This week’s performance was emotionally influenced. With polls widening in support of a Biden/Harris ticket, performance was attributed to two factors. The first being that the markets now seem to believe that the margin of victory will be large enough to avoid a contested election which has reduced the market’s overall anxiety. The second factor is outright paradoxical, but the rationale goes something like this. According to the purveyors of this theory, the market had been fearful of what impact a “blue wave” could mean for the economy. Trump had generally been viewed as pro-growth, or at least pro-investor, and Biden viewed as pro-tax and pro-regulation. This week, markets flipped according to mainstream financial media, and we’re all Keynesians again. Investors are now enlightened, understanding that the government spending and infrastructure projects funded by taxes and wealth reallocation are simply stimulus by another name, unlocking economic growth that more than offsets its cost. The problem with this is what it has always been. Governments are not efficient allocators of capital, so to the degree markets may have chosen to look at this week’s polling numbers with a cup half-full attitude, they’re likely not going to be nearly as optimistic should the details of the policies become reality.
The Week Ahead
It will be a big week for markets as the Q3 2020 earnings season kicks off. We’ll also have the latest reports on U.S. retail sales and inflation. In overseas news, China releases September import/export figures.
Important Tax Deadlines: October 15, 2020
Earlier this year, the IRS postponed the usual tax deadline from April 15th to July 15th due to the pandemic. However, for taxpayers who filed an extension, the extended tax deadline remains the same – October 15th, 2020. Below are several important deadlines to note. Almost everyone agrees that the tax code is complicated so be sure to consult your tax advisor.
Federal Income Tax
The nationwide final deadline for filing an individual federal income tax return (Forms 1040, 1040A, 1040EZ) for tax year 2019 is October 15th for those who filed for an extension. Some taxpayers are entitled to an automatic extension, such as members of the military and others serving in combat zones or hazardous areas. Additionally, taxpayers affected by natural disasters may have extra time. For more details, check the disaster relief page on the IRS website.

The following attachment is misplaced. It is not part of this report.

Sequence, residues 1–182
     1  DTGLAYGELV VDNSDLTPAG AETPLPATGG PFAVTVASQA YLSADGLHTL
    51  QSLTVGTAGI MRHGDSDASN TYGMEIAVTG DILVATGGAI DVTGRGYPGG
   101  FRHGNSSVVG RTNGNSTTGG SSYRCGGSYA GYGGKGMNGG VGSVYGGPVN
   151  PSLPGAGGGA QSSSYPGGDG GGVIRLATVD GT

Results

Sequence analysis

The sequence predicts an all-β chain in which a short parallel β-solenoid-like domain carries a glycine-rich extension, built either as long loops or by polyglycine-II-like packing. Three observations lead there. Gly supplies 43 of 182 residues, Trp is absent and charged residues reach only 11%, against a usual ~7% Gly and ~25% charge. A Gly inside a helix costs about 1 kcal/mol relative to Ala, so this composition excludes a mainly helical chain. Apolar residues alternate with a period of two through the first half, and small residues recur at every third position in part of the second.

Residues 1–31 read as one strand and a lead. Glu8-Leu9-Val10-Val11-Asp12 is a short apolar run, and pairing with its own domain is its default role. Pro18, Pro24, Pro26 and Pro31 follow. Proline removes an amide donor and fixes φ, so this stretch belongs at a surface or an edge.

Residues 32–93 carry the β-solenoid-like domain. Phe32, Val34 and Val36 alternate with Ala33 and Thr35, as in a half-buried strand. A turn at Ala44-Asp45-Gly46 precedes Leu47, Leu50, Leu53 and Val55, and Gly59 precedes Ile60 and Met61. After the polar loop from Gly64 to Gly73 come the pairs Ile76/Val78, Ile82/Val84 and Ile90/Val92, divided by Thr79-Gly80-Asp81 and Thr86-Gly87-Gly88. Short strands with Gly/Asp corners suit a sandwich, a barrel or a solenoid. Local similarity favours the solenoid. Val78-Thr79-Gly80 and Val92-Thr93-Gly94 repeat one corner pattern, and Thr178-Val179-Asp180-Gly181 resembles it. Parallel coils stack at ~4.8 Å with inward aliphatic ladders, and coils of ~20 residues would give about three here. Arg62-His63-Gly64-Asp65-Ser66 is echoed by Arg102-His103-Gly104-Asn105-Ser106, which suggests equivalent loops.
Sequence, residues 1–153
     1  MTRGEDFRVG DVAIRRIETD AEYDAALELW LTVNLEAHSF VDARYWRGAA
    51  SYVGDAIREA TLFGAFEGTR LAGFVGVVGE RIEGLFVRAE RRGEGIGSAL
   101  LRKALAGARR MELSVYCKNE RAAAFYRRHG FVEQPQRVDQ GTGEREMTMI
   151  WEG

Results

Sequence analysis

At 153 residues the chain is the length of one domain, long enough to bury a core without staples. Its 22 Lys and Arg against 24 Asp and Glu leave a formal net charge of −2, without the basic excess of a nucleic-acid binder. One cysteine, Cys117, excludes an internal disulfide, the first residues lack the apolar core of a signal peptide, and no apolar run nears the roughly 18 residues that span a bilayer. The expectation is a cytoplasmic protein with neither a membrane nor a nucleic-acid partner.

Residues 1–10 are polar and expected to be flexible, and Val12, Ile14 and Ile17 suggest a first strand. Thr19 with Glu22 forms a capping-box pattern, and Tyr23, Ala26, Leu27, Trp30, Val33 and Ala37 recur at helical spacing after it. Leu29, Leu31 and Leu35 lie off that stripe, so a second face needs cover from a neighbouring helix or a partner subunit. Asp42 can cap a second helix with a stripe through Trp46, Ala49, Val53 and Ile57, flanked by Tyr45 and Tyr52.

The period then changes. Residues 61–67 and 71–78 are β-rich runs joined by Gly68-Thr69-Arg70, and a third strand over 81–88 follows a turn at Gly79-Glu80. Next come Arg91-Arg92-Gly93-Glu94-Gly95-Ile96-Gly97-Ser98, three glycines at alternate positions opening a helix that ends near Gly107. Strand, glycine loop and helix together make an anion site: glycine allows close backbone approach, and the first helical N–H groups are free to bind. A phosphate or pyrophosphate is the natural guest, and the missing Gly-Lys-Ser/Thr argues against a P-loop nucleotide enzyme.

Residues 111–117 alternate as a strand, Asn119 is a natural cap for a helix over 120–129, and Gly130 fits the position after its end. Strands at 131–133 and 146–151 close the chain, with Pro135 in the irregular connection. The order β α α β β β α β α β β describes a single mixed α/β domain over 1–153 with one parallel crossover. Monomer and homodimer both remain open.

Removal of Excess (ROE)
October 15th also marks the deadline for the removal of excess (ROE). “Excess contributions,” as the IRS refers to them, typically occur when individuals unintentionally deposit funds that are not permitted to be made to IRA accounts. If you discover that you contributed amounts to your traditional or Roth IRA in excess of the allowable limits, the IRS allows these excess amounts to be corrected without penalty for the prior year provided the correction occurs by the deadline.
Recharacterizing an IRA means undoing an IRA conversion and putting the funds back into a traditional IRA. An IRA conversion, also known as a rollover, generally refers to the act of transferring assets held in a traditional IRA, or a similar retirement account, to a Roth IRA. In 2018, as part of the Tax Cuts and Jobs Act, recharacterization of Roth IRA conversions from traditional IRAs and qualified plans (such as 401ks) was repealed. As a result, all Roth conversions taking place on or after January 1, 2018, are permanent. However, recharacterizing Roth contributions is still permitted. Roth IRA contributions for 2019 may be recharacterized to a traditional IRA by October 15th with an extension.
Workplace Retirement Plans
Self-employed taxpayers and business owners should be aware that the extended deadline for Simplified Employee Pension (SEP) IRA, Employer Savings Incentive Match Plan for Employees (SIMPLE) IRA, and Solo 401k contributions for 2019 is also on October 15th.
Extra Time to File but not to Pay
As a reminder, the extended deadline gives taxpayers extra time to file a return, but not extra time to pay any taxes that may be owed. Late tax payments are typically hit with a penalty of 0.5% per month plus interest. Extension filers who miss the October 15th deadline will incur a late-filing penalty, which is typically 5% per month but can run as high as 25% of the amount due.
The IRS has been working through a backlog of paper tax returns and correspondence due to the pandemic and recommends taxpayers file returns and make payments electronically if possible.